by Rebel Pundit
Secretary of Commerce nominee Penny Pritzker coasted through her Senate Commerce Committee confirmation hearing in Washington, D.C. Thursday.
Members of both parties on the committee largely ignored Pritzker’s questionable business practices, offshore investments, and tax problems, as well as the problematic history of her family’s failed subprime-lending Superior Bank, which has left hundreds senior citizens and veterans without their life savings.
Pritzker also has a history of opposition from labor unions that have been outspoken against hiring practices and treatment of employees by her family’s Hyatt Hotel chain. That history was also glossed over in the hearing.
Sen. Mark Kirk (R-IL) was initially “uncertain” about supporting Pritzker up until three days before the hearing. However, Pritzker’s confirmation was likely guaranteed after Kirk joined his fellow Senator from Illinois, Democrat Dick Durbin, in both supporting and introducing Pritzker.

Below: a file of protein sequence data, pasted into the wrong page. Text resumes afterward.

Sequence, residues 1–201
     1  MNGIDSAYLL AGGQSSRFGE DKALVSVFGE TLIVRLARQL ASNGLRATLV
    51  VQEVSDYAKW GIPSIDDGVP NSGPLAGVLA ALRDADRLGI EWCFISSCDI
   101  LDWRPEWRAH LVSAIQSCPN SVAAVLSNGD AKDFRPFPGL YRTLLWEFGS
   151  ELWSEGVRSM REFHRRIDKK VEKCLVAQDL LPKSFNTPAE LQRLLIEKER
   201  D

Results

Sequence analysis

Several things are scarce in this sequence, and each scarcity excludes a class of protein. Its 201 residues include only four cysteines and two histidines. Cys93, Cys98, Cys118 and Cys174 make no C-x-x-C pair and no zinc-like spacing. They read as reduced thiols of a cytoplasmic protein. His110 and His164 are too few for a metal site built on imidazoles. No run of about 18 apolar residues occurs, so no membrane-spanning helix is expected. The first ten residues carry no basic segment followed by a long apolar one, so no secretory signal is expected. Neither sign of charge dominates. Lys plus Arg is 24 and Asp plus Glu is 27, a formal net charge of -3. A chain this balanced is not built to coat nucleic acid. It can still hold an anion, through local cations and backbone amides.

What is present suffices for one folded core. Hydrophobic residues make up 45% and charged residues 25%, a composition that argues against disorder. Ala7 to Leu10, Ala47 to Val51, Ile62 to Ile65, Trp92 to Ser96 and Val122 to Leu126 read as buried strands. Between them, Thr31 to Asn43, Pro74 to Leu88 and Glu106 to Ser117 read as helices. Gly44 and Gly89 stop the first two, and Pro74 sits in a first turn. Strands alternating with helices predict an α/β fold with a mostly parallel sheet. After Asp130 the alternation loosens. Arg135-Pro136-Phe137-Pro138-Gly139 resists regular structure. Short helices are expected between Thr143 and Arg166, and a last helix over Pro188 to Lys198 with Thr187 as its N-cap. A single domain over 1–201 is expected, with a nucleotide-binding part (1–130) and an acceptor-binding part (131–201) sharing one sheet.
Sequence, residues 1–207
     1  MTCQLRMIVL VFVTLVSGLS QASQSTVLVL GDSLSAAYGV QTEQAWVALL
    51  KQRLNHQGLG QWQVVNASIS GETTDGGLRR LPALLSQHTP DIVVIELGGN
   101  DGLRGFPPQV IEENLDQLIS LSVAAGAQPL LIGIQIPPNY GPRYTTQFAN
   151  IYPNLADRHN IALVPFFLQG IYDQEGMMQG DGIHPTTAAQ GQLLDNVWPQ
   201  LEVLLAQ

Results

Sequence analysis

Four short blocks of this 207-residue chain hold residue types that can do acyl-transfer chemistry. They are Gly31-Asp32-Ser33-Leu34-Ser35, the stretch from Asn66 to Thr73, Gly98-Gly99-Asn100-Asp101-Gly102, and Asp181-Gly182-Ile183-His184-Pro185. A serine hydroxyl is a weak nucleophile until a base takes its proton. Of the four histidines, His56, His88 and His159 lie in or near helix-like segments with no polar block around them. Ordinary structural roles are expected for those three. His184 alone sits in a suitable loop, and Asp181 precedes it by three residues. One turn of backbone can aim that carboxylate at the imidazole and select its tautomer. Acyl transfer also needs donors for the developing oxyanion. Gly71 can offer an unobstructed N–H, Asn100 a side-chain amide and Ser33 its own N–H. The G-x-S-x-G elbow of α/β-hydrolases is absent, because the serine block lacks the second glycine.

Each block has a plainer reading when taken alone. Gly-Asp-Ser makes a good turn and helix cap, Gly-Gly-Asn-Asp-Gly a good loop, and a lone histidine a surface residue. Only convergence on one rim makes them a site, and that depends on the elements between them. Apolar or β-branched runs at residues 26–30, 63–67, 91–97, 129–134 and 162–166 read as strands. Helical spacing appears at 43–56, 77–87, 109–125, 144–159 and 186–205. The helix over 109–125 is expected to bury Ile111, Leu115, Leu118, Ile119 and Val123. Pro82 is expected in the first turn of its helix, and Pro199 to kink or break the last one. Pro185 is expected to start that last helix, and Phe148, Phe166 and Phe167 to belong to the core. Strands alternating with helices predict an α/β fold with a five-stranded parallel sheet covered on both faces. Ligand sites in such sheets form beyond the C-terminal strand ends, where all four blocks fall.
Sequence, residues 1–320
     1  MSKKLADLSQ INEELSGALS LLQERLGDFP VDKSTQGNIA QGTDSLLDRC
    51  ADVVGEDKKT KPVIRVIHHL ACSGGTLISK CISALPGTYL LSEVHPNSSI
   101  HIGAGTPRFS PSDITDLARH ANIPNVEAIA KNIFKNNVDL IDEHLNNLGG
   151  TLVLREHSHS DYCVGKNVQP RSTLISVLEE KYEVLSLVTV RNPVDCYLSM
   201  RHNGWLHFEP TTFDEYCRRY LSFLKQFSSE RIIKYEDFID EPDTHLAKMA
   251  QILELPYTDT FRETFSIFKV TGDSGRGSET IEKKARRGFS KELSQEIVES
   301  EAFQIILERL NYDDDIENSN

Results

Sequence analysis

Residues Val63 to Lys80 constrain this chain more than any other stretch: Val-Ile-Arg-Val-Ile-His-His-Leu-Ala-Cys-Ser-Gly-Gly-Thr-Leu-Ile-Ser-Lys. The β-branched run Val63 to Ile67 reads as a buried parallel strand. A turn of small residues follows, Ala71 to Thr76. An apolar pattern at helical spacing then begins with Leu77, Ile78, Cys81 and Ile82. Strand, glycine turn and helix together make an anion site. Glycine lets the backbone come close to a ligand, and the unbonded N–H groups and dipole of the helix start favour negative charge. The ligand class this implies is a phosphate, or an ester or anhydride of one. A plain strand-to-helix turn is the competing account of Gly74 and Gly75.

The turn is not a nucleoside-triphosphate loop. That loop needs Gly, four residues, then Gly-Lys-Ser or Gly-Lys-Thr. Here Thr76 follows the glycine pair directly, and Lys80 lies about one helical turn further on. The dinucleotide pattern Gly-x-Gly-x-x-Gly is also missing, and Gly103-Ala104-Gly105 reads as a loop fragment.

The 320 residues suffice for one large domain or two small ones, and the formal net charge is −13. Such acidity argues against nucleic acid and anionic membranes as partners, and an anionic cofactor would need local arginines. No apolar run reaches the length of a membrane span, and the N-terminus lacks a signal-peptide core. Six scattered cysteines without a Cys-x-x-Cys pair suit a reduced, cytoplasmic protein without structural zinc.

Kirk, who suffered a severe stroke last year, struggled through a very brief introduction of Pritzker he delivered at this morning’s hearings and warned fellow Republicans, “I will be whipping each one of you on behalf of Penny Pritzker’s nomination.”
While the baggage Pritzker carries arose in the news early on in during President Obama’s first term, forcing Pritzker to remove herself from consideration for the position at that time, it was business as usual in Washington today, as she underwent what mostly amounted to lay-up questions from Republicans and Democrats alike.
Sen. John Thune (R-SD) did ask Pritzker about her family’s failed venture into the subprime lending market and the tremendous losses that depositors incurred. Pritzker delivered a vague response, and ultimately failed to demonstrate that she or her family bear any responsibility in making sure the everyday Americans who entrusted their life savings with the bank will be made whole:
Thune: What do you have to say to those depositors who lost significant sums of money because of this venture and what lessons did you learn from your experience at Superior Bank that will inform your role if you are confirmed?
Pritzker: Well, Senator, I regret the failure of Superior Bank, it’s not an outcome or a situation, that I’m, you know, I feel very badly about that. The lessons that I learned are realy about good management, good governance structure, the importance of diversification and risk management, transparency and good governance.